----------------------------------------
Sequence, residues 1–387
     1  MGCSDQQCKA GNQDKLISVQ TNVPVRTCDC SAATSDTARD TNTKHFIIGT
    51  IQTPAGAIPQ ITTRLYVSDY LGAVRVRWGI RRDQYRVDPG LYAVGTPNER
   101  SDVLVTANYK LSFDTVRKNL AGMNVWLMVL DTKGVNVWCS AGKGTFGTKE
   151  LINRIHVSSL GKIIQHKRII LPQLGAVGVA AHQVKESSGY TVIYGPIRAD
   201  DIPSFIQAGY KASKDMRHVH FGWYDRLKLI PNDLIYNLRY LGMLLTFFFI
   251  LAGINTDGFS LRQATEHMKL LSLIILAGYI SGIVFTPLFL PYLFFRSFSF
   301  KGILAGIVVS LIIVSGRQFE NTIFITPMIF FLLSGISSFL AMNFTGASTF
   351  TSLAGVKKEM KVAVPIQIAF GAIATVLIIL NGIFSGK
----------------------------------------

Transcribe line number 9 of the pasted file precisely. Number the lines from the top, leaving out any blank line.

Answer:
   351  TSLAGVKKEM KVAVPIQIAF GAIATVLIIL NGIFSGK